At this point, we can only wonder who will be thanked in the acceptance speeches come Oscar night. But we do know who could make history if they stride to the podium this Sunday. There are a number of nominees who, if they won, would set a new precedent or break a new barrier in the 86-year history of the Academy Awards.
Below we’ve collected 10 of the most notable. If you’re not sure who to root for this Sunday, perhaps the possibility of these milestones will help you decide. Or you can just use these bits of trivia to impress the other people at your Oscar party.
Bruce Dern, oldest winner for Best Actor
Henry Fonda, who won at 76 for On Golden Pond, is currently the oldest winner; Dern is 77.
Jennifer Lawrence, youngest actor to win two Oscars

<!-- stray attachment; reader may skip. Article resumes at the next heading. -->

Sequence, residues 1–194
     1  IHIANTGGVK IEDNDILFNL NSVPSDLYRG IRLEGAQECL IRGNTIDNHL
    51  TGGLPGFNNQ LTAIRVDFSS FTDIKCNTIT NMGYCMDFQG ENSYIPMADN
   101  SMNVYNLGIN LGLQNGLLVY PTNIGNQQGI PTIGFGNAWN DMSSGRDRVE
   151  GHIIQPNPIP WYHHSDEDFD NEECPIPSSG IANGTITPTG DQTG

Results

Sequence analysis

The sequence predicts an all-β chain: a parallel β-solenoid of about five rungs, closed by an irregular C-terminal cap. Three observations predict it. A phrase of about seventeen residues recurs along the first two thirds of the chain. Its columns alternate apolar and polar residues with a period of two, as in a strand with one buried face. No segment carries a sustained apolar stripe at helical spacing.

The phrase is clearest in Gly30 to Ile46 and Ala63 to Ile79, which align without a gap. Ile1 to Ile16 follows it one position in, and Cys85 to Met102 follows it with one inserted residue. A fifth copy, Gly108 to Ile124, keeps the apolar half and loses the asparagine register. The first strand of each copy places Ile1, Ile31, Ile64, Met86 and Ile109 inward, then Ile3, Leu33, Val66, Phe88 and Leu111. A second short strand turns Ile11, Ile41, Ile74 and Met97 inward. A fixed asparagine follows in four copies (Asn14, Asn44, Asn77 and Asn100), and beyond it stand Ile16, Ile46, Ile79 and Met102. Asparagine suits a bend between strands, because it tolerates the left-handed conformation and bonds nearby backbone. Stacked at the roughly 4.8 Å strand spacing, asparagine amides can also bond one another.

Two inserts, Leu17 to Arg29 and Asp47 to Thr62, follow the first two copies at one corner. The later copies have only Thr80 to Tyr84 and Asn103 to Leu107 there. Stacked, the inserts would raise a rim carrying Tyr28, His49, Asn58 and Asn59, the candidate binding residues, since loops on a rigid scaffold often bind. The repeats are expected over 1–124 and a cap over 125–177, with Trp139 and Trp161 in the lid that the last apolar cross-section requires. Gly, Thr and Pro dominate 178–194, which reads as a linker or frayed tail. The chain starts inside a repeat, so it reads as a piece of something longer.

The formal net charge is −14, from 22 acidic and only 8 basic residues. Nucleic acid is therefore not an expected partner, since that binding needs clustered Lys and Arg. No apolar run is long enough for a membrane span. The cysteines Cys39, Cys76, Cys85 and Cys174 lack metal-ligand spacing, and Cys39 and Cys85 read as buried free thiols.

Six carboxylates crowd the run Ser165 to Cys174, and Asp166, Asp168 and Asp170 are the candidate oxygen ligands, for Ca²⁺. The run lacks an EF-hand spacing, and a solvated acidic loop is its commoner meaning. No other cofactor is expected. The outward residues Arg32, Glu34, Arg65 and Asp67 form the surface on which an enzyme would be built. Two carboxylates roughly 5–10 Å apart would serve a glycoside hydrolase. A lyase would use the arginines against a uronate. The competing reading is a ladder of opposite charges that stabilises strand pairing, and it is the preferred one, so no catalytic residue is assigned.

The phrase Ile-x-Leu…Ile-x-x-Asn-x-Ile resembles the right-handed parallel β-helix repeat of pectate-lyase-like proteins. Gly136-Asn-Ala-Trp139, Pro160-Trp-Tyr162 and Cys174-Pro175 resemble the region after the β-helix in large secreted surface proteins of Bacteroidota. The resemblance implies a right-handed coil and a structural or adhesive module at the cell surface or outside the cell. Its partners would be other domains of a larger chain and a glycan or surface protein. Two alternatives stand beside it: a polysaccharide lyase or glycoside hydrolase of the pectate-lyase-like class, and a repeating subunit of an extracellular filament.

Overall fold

Lawrence, 23, would surpass Luise Rainer, who won Best Actress in 1937 and 1938 at 27 and 28.
American Hustle, first movie to win all four acting awards
If Amy Adams, Jennifer Lawrence, Christian Bale, and Bradley Cooper all win in their respective categories, the film will surpass A Streetcar Named Desire and Network, which took three acting awards apiece. (It’s worth noting that David O. Russell’s Silver Linings Playbook was also nominated in all four categories last year.)
Gravity, first 3-D film to win Best Picture
Avatar and Up were the first such nominees in this category four years ago, and, as the Dissolve points out, the Oscars have taken note of a number of 3-D films in the years since.
Robert Lopez, youngest EGOT winner
Depending whom you ask, Lopez—nominated for Best Original Song along with his wife Kristen Anderson-Lopez—could join the exclusive club of competitive Emmy, Grammy, Oscar, and Tony winners.
Woody Allen, most wins for Best Original Screenplay
Allen is already the most nominated in this category—he’s been a finalist 15 times—and also the biggest winner in this category. A win with Blue Jasmine would bring his number of screenplay awards to four, breaking his own record.
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